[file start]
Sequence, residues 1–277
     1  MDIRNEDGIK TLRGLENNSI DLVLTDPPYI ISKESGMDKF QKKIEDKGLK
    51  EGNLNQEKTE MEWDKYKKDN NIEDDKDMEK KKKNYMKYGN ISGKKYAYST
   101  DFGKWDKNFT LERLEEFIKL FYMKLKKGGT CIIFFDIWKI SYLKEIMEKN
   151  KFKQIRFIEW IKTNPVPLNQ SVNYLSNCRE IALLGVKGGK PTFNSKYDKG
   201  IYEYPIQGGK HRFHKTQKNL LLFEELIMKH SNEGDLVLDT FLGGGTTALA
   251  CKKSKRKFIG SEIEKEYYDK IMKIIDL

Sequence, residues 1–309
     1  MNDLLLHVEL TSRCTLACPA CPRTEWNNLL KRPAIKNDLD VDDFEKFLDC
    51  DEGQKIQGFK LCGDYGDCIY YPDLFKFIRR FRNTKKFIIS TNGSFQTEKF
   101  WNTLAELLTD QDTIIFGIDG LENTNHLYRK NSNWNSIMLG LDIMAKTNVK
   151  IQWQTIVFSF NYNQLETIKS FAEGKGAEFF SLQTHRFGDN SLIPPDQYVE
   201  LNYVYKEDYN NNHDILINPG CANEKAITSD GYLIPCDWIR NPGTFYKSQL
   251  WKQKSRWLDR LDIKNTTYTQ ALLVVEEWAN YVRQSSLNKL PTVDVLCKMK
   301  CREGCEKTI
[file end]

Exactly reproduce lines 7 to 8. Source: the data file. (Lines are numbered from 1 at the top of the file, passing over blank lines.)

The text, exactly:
   251  CKKSKRKFIG SEIEKEYYDK IMKIIDL

Sequence, residues 1–309